When we arrived at the boatyard (1.5 hrs late because we missed Manchester on the M6 and drove 30miles too far North) we were greeted by a smiling Chris who introduced us to the whole team.Chris and Stuart the boat-builders, Ryan the most dedicated volunteer and Pete a skilled craftsman volunteering when he can. After an essential safety talk and the issuing of safety shoes and in my case overalls we were immediately put to work. After explaining our general ineptitude and stupidity in missing Manchester on the M6 Chris handed out the power tools. David got an electric saw and I got an enormous drill. David cut slots between the bottom planks whilst I drilled holes in them. How this is meant to keep the boat afloat was to be revealed to us later.
The atmosphere in the boatyard is wonderful, different people all working on one big project with everyone making a valuable contribution to the end goal, a restored boat to benefit the community. It is a massive credit to all the chaps there that David and I both felt immediately part of the team. Ryan made us tea and then shared the cakes amongst us all. I must note that the cakes had been generously provided by Diane – a member of the team whom we did not meet but we understand is a valued fund raiser – maybe next time!
As soon as we had a few holes drilled and slots cut the job was revealed. Each hole was to be filled by a massive spike and the slots were needed so that bottom planks could move and be jacked into position tight against the first side board. Hammering the spikes in, from underneath the boat where you hardly have room to swing a hammer, is an energy sapping job that requires strength. All too often I had to get the Herculean Chris to finish off my spikes, all this computer programming (the day job) is not good for the biceps. On the other side of the boat Stuart was spiking away as if the effort was nothing, wielding his hammer like a modern day Thor. Meanwhile Pete the master craftsman was chiselling beautiful slots so that the protruding spikes could be bent over and recessed into the wood. We all continued doing this until the light faded, we tidied up and left the yard. Apart from Stuart who had to zip off because is daughter had fallen over and driven her tooth into the roof of her mouth, a more painful version of spiking.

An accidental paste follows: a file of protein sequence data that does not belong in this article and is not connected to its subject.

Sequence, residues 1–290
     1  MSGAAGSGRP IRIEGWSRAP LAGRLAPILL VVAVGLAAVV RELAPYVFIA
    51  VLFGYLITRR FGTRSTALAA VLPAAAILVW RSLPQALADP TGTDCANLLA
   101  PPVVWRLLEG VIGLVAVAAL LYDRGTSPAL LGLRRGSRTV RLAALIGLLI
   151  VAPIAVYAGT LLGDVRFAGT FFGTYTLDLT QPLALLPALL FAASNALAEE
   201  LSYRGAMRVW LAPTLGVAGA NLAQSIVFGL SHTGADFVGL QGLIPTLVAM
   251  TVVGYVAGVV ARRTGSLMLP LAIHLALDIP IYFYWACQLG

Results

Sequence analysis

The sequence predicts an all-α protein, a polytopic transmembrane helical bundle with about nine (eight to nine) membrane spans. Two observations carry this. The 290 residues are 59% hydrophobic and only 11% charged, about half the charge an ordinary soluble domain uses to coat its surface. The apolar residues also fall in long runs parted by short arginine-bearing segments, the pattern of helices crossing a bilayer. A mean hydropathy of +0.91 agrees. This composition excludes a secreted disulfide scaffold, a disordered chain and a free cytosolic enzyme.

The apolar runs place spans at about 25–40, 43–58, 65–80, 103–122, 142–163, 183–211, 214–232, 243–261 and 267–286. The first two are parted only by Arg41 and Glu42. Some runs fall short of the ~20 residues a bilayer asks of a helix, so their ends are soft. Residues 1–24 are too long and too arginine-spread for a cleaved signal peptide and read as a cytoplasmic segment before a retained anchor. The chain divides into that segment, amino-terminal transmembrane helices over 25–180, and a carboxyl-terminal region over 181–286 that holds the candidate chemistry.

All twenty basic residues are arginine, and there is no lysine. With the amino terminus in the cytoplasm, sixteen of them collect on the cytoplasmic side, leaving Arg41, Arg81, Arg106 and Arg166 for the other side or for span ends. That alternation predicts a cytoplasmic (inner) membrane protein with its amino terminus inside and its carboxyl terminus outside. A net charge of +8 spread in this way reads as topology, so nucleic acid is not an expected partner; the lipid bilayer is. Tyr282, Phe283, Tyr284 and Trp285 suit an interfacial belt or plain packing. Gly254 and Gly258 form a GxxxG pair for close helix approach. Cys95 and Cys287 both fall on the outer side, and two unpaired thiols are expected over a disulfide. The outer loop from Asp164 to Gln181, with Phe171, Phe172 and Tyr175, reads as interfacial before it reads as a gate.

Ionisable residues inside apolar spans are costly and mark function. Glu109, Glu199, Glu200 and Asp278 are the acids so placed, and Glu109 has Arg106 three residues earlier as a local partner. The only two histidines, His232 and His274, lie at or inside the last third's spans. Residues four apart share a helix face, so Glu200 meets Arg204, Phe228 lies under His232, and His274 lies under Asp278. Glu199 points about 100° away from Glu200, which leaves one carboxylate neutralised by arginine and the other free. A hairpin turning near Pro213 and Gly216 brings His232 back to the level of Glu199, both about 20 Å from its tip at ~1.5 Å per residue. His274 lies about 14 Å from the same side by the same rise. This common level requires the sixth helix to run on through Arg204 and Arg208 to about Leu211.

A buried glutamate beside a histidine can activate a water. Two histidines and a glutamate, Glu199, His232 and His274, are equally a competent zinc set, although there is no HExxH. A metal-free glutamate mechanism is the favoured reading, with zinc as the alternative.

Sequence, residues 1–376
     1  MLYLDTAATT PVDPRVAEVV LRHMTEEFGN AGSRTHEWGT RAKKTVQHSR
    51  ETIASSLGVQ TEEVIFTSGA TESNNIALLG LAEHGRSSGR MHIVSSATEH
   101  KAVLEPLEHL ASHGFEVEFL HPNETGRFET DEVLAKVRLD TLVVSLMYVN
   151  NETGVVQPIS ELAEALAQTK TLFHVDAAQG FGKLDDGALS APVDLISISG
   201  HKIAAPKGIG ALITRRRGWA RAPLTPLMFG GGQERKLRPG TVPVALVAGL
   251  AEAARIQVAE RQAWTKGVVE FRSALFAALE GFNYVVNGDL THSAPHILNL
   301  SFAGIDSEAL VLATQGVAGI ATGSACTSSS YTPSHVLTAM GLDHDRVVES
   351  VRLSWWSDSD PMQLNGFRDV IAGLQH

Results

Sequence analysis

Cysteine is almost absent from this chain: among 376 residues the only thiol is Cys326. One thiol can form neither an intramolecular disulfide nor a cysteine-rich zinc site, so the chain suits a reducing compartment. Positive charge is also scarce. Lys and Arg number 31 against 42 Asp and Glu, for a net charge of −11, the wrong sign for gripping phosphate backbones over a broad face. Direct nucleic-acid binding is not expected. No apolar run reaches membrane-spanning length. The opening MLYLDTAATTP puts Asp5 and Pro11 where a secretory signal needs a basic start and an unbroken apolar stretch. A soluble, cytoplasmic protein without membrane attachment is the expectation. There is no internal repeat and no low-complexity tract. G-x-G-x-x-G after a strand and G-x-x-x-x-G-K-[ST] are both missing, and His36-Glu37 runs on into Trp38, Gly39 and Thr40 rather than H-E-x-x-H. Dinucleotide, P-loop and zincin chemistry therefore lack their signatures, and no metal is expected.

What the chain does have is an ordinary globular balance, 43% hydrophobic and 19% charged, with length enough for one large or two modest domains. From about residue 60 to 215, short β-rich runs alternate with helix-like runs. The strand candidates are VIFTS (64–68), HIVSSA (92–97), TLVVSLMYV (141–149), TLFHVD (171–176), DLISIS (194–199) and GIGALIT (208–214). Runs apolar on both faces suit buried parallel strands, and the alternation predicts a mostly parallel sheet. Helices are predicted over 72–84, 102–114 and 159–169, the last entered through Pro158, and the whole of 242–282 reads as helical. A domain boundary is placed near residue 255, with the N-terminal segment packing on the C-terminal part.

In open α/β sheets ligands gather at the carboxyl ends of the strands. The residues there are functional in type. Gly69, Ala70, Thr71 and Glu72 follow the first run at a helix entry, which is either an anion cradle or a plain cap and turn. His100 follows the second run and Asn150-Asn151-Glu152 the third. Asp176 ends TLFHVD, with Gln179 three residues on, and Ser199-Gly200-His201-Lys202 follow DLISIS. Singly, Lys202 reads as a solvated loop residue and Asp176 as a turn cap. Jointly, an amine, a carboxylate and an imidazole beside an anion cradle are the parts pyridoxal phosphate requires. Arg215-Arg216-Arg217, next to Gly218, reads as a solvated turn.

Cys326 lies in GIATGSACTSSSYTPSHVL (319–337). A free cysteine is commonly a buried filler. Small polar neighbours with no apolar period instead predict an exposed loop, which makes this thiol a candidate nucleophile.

Ryan showed us to our digs for the night, aboard the boats Southam and Forget-me-Not. These are two wonderful wooden boats at the museum that weary volunteers can use to rest until work begins again. Ryan got the wood stoves lit and stayed for a couple of well deserved beers and good old chat, it was a great night and we sorted out quite a few of the worlds problems, in theory at least.
The next morning back at the yard we continued spiking and David picked up the master craftsman’s job of chiselling the holes to recess the spikes. At the end of the day we, all of us, the whole team, had finished spiking the bottom planks to the side boards. Everyone played a part and we all felt a sense of pride that we had completed a vital phase of the restoration.
Now both David and I have great memories of a fun weekend and aching limbs from the efforts us mortals put into it. So thank you to all at the Wooden Canal Boat Society for welcoming us so warmly and letting us share the build. We hope to see you again soon, as soon as our wonderful wives let us abscond for a weekend again. Ivan and David.